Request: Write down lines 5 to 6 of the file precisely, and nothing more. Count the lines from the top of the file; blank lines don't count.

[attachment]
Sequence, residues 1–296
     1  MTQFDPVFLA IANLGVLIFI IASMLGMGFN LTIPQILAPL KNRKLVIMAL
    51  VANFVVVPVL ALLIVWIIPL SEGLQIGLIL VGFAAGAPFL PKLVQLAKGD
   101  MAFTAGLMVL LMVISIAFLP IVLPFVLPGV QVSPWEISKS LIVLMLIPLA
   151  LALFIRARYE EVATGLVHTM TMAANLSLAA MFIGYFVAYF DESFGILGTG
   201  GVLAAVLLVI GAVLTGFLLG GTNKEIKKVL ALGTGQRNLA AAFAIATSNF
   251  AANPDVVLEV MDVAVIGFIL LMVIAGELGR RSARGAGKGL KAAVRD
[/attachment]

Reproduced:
   151  LALFIRARYE EVATGLVHTM TMAANLSLAA MFIGYFVAYF DESFGILGTG
   201  GVLAAVLLVI GAVLTGFLLG GTNKEIKKVL ALGTGQRNLA AAFAIATSNF